Anger is not a bad thing, if it is APPROPRIATELY EXPRESSED. Expressing it inappropriately will usually get us nowhere and can badly back-fire. However, its appropriate expression is often most effective.
As we begin to realize that what was done to us as children was wrong, anger often emerges (especially when we start to understand all the ramifications of how we have subsequently been affected by it).
Repressing anger (‘bottling it up’) is often painful and stressful. We can also get to the point when we can contain it no longer and this might result in it being MISDIRECTED (expressed against the wrong person) or in it being expressed in a DESTRUCTIVE and DAMAGING way (to both ourselves and those we interact with).
It is much better if anger is MANAGED and only expressed in a manner which is beneficial.
For some, expressing anger gives rise to a feeling of power, the power that was denied us in childhood, and can therefore feel that by expressing this anger we are in some way protecting ourselves or taking back ‘control’ (though, almost always, uncontrolled outbursts of anger backfire very unpleasantly). The adrenaline associated with such anger can sometimes lead to it being expressed in a very intense way. Whilst this may be understandable, then, such expressions of anger ULTIMATELY HARM THE PERSON EXPRESSING IT.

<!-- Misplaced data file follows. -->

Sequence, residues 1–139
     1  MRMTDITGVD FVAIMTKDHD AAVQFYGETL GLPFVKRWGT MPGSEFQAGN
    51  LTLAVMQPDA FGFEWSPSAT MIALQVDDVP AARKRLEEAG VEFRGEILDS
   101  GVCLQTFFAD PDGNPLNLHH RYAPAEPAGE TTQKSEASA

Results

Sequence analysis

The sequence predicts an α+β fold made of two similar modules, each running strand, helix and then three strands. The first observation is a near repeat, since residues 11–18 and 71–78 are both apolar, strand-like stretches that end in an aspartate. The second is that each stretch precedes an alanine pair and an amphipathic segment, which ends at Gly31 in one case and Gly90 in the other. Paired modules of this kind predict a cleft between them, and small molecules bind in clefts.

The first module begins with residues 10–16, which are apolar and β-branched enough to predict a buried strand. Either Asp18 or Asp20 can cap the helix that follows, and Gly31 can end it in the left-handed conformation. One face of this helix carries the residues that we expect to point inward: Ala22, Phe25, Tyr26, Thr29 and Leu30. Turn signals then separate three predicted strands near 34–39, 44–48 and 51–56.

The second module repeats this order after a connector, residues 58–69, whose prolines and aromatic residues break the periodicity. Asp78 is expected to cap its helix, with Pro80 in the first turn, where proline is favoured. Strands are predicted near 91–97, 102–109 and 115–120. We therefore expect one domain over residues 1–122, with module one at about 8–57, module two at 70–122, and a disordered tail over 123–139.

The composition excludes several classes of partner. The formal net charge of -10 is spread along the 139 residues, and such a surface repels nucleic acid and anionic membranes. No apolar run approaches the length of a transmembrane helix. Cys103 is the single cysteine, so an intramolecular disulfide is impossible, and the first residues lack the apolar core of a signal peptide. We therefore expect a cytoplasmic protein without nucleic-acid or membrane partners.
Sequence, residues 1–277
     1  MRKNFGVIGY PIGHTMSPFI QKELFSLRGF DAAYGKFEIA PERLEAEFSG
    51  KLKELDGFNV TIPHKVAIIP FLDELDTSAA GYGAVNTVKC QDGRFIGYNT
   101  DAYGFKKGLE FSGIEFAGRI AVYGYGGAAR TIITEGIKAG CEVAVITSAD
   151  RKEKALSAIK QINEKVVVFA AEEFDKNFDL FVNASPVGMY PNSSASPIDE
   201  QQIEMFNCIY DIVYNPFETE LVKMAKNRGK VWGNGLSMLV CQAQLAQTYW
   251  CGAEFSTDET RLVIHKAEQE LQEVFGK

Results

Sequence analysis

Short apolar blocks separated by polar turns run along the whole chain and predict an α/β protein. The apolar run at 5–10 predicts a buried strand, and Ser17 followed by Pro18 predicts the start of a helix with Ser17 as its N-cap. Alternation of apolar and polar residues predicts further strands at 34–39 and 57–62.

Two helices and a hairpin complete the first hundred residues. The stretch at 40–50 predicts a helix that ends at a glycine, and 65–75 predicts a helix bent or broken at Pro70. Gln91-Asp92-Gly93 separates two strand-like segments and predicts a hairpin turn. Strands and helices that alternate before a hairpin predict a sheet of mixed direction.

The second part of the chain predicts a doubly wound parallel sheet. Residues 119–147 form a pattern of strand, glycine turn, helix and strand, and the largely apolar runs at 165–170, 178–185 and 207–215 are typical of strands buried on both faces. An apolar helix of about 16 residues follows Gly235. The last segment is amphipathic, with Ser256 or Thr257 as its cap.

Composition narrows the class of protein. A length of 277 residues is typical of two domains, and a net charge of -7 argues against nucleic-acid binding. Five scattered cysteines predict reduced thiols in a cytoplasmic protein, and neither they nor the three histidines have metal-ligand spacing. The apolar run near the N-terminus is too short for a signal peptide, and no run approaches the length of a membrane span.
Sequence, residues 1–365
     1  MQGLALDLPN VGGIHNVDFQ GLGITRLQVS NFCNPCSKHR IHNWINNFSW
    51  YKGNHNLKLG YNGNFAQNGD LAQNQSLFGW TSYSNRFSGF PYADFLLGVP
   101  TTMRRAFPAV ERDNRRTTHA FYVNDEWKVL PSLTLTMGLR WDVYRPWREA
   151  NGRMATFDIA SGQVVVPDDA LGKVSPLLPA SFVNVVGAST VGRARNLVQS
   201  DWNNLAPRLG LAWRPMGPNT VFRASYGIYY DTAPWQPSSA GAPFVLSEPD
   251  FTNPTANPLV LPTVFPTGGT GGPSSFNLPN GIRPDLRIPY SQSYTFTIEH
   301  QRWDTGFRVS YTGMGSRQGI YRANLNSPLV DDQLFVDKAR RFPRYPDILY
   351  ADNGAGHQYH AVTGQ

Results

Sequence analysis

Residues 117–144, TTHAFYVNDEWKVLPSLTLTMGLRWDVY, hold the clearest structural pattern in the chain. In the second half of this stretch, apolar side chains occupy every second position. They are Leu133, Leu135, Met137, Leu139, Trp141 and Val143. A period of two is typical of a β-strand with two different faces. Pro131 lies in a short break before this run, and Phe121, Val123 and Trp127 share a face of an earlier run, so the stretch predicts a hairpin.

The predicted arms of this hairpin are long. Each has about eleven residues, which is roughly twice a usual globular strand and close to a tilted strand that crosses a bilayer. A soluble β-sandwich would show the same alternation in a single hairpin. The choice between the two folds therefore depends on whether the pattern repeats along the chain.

THREE CATEGORIES OF ANGER:
1) PRIMARY ANGER.
This is anger which is REASONABLE given what has occurred – it is directly related to what has happened and is not influenced by extraneous factors.
2) SECONDARY ANGER.
The psychologist Aaron Beck, during the 1980s, defined this type of anger as RESULTING FROM FEAR or HURT. WE USE IT TO TRY TO PROTECT OURSELVES AGAINST FURTHER TRAUMA. This type of anger can be EXPLOSIVE and feel as if IT IS ‘TAKING US OVER’. It may occur in response to:
– perceived rejection
– a perceived slight
– a perceived threat
All of the above may trigger memories, consciously or unconsciously, of the original trauma; this can explain the (seemingly) disproportionate intensity of the reaction.
3) PAST ANGER.
This refers to anger we are currently feeling but which STEMS FROM THE PAST. When it is TRIGGERED BY CURRENT EVENTS, the anger we express, similar to the anger illustrated in 2 above, can be disproportionate (to the current event). For example, we may see a mother in the street screaming aggressively at her child which in turn triggers memories of how we ourselves were treated in childhood.
If you have found this post of interest, you may also wish to read my article on ‘Intermittent Explosive Disorder’ by clicking here.
Above eBook now available for immediate download on Amazon. $4.99 each. CLICK HERE.
David Hosier BSc; MSc; PGDE(FAHE).Click here for reuse options!
Copyright 2013 Child Abuse, Trauma and Recovery